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Chapter XV.

So seemed to think the new captain, who arrived the day after we had finished loading, on the very eve of the day of sailing. I first beheld him on the quay, a complete stranger to me, obviously not a Hollander, in a black bowler and a short drab overcoat, ridiculously out of tone with the winter aspect of the waste-lands, bordered by the brown fronts of houses with their roofs dripping with melting snow.

This stranger was walking up and down absorbed in the marked contemplation of the ship's fore and aft trim; but when I saw him squat on his heels in the slush at the very edge of the quay to peer at the draught of water under her counter, I said to myself, "This is the captain." And presently I descried his luggage coming along - a real sailor's chest, carried by means of rope-beckets between two men, with a couple of leather portmanteaus and a roll of charts sheeted in canvas piled upon the lid. The sudden, spontaneous agility with which he bounded aboard right off the rail afforded me the first glimpse of his real character. Without further preliminaries than a friendly nod, he addressed me: "You have got her pretty well in her fore and aft trim. Now, what about your weights?"

I told him I had managed to keep the weight sufficiently well up, as I thought, one-third of the whole being in the upper part "above the beams," as the technical expression has it. He whistled "Phew!" scrutinizing me from head to foot. A sort of smiling vexation was visible on his ruddy face.

"Well, we shall have a lively time of it this passage, I bet," he said.

He knew. It turned out he had been chief mate of her for the two preceding voyages; and I was already familiar with his handwriting in the old log-books I had been perusing in my cabin with a natural curiosity, looking up the records of my new ship's luck, of her behaviour, of the good times she had had, and of the troubles she had escaped.

He was right in his prophecy. On our passage from Amsterdam to Samarang with a general cargo, of which, alas! only one-third in weight was stowed "above the beams," we had a lively time of it. It was lively, but not joyful. There was not even a single moment of comfort in it, because no seaman can feel comfortable in body or mind when he has made his ship uneasy.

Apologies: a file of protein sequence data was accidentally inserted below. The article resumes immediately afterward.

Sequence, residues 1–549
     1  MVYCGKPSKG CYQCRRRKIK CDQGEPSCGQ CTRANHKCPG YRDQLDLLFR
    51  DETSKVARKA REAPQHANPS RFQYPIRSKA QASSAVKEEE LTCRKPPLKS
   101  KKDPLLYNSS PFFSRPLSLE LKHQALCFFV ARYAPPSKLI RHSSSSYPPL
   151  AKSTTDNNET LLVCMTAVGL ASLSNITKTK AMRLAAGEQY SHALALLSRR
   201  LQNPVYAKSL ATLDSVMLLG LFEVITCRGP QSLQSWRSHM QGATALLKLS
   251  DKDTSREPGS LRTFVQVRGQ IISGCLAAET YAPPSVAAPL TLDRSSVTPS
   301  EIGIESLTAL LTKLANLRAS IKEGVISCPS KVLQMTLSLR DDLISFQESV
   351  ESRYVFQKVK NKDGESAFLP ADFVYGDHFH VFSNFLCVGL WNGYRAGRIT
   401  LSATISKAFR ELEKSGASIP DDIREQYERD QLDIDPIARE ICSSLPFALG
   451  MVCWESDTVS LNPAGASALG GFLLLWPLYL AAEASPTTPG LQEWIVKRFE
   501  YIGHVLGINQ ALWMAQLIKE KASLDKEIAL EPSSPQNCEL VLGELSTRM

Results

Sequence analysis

To travel along with a cranky ship for ninety days or so is no doubt a nerve-trying experience; but in this case what was wrong with our craft was this: that by my system of loading she had been made much too stable.

Neither before nor since have I felt a ship roll so abruptly, so violently, so heavily. Once she began, you felt that she would never stop, and this hopeless sensation, characterizing the motion of ships whose centre of gravity is brought down too low in loading, made everyone on board weary of keeping on his feet. I remember once over-hearing one of the hands say: "By Heavens, Jack! I feel as if I didn't mind how soon I let myself go, and let the blamed hooker knock my brains out if she likes." The captain used to remark frequently: "Ah, yes; I dare say one-third weight above beams would have been quite enough for most ships. But then, you see, there's no two of them alike on the seas, and she's an uncommonly ticklish jade to load."

Down south, running before the gales of high latitudes, she made our life a burden to us. There were days when nothing would keep even on the swing-tables, when there was no position where you could fix yourself so as not to feel a constant strain upon all the muscles of your body. She rolled and rolled with an awful dislodging jerk and that dizzily fast sweep of her masts on every swing. It was a wonder that the men sent aloft were not flung off the yards, the yards not flung off the masts, the masts not flung overboard. The captain in his armchair, holding on grimly at the head of the table, with the soup-tureen rolling on one side of the cabin and the steward sprawling on the other, would observe, looking at me: "That's your one-third above the beams. The only thing that surprises me is that the sticks have stuck to her all this time."